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Math Help - Density function problem?

  1. #1
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    Density function problem?

    I'm not even sure if that's the proper thing to call it, but here's the question.

    A point is uniformly distributed within the disk of radius 1. That is, its density is
    f(x,y)=C, 0≤x^2+y^2≤1
    Find the probability that its distance from the origin is less than x, 0≤x≤1.



    I'm not sure of what I'm supposed to do here. What are my steps?
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  2. #2
    MHF Contributor chisigma's Avatar
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    Re: Density function problem?

    Quote Originally Posted by downthesun01 View Post
    I'm not even sure if that's the proper thing to call it, but here's the question.

    A point is uniformly distributed within the disk of radius 1. That is, its density is
    f(x,y)=C, 0≤x^2+y^2≤1
    Find the probability that its distance from the origin is less than x, 0≤x≤1.

    I'm not sure of what I'm supposed to do here. What are my steps?
    The requested probability is the ratio between the area of a circle af radious \rho and the circle of radious 1...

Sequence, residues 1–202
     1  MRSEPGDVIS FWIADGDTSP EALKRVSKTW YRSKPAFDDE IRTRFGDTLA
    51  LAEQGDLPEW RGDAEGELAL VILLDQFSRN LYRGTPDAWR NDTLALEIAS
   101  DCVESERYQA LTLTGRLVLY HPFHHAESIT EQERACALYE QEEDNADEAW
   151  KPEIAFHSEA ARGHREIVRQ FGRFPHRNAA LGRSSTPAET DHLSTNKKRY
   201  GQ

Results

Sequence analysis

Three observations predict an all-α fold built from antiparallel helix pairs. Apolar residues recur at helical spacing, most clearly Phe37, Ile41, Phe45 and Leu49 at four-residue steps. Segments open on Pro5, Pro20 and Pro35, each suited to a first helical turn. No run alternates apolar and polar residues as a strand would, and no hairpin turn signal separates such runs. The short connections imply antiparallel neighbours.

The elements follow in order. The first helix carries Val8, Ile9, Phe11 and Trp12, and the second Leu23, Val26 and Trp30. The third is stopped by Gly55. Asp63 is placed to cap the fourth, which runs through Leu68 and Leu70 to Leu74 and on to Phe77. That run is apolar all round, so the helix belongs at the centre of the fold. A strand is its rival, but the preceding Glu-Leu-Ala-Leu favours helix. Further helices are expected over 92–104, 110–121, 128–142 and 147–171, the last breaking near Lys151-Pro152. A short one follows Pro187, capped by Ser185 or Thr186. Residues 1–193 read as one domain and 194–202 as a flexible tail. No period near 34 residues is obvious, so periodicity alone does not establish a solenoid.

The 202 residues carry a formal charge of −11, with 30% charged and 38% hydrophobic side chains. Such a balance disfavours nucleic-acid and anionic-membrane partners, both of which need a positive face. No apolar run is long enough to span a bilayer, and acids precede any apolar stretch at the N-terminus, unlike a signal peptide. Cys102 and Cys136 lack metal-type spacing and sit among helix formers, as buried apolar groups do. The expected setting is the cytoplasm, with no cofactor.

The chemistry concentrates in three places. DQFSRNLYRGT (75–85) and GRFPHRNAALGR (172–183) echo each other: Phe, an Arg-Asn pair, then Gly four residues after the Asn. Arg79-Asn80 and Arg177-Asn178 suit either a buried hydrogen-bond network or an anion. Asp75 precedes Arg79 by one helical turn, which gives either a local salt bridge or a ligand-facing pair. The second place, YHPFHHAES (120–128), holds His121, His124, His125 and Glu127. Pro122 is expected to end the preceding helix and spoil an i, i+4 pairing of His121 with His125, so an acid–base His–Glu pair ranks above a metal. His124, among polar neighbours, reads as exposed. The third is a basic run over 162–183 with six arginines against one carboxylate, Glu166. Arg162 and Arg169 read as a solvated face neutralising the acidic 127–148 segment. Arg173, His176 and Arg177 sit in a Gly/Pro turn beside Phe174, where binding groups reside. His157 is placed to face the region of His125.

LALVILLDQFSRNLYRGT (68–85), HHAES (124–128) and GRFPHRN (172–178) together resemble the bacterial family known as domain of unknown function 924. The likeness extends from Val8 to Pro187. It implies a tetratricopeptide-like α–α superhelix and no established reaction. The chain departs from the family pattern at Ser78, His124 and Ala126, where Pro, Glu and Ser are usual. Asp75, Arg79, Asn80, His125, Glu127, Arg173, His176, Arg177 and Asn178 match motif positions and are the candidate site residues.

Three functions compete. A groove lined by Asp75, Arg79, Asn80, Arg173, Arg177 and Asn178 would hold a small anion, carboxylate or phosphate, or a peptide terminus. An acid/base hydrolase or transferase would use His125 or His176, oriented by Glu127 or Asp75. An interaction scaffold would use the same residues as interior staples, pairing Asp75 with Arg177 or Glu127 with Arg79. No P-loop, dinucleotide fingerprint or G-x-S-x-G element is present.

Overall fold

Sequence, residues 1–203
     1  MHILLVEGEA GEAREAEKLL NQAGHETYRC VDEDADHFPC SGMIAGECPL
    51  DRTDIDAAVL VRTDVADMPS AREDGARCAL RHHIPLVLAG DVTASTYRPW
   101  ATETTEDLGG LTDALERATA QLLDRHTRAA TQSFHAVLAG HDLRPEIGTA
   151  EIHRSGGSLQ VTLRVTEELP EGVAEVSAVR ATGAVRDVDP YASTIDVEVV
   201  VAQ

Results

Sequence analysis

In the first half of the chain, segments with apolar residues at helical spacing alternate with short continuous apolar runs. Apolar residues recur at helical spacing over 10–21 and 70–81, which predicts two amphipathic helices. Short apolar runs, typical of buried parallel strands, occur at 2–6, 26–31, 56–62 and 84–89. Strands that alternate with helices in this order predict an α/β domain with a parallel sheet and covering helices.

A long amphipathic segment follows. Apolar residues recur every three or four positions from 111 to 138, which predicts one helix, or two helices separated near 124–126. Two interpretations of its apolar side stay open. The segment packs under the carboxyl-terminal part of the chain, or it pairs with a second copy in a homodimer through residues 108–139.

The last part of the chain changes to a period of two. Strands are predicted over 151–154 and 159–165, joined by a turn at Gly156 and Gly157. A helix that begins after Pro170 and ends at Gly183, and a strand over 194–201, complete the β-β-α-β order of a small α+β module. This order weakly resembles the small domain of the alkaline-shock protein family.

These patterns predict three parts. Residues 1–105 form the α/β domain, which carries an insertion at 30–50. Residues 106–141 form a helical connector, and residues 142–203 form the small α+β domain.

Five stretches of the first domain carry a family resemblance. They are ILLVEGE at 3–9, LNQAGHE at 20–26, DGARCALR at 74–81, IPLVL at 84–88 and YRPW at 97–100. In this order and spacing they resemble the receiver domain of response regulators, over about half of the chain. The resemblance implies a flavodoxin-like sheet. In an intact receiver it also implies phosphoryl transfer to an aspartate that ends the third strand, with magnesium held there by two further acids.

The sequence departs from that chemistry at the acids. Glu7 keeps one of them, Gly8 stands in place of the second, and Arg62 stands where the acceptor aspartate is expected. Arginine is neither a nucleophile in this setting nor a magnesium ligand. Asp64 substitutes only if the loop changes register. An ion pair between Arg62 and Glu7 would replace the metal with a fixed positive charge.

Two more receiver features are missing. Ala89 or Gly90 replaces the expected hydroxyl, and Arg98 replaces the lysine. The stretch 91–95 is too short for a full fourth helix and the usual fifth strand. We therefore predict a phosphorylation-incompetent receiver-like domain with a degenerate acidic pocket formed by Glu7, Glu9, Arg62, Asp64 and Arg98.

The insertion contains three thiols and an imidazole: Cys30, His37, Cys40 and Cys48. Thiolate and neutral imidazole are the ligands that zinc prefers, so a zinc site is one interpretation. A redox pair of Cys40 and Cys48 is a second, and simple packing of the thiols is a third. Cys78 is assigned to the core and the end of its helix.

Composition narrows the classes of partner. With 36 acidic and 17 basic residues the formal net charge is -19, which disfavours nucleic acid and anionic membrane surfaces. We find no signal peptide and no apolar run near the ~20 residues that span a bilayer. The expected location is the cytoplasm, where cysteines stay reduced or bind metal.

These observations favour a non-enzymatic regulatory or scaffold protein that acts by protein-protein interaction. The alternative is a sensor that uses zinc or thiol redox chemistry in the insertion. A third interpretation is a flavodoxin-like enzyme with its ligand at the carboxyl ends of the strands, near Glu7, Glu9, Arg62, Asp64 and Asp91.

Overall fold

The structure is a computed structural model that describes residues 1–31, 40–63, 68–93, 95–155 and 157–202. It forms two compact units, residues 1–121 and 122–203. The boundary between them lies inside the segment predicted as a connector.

P \{d < \rho\} = \frac{\pi\ \rho^{2}}{\pi}= \rho^{2}

    Kind regards

    \chi \sigma
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  3. #3
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    Re: Density function problem?

    I still don't understand the question. I'm trying to picture it right now.

    There's a point that's uniformly distributed within a circle that has a radius of 1, and I'm supposed to find the probability that the point's distance from the origin of the circle is less than x.

    I don't understand where this second circle with a radius of rho comes from.

    I can solve for C. That seems rather straightforward.

    1=\int \int_R Cdxdy=c\pi r^2=c\pi
    c=\frac{1}{\pi}

    But from there I'm pretty confused. If someone could offer some insight, I'd appreciate it. Thanks

    What does c=\frac{1}{\pi} mean? Is it the probability that the point occupies a certain spot in the circle?

    And what is x supposed to be?
    Last edited by downthesun01; July 20th 2011 at 11:16 PM.
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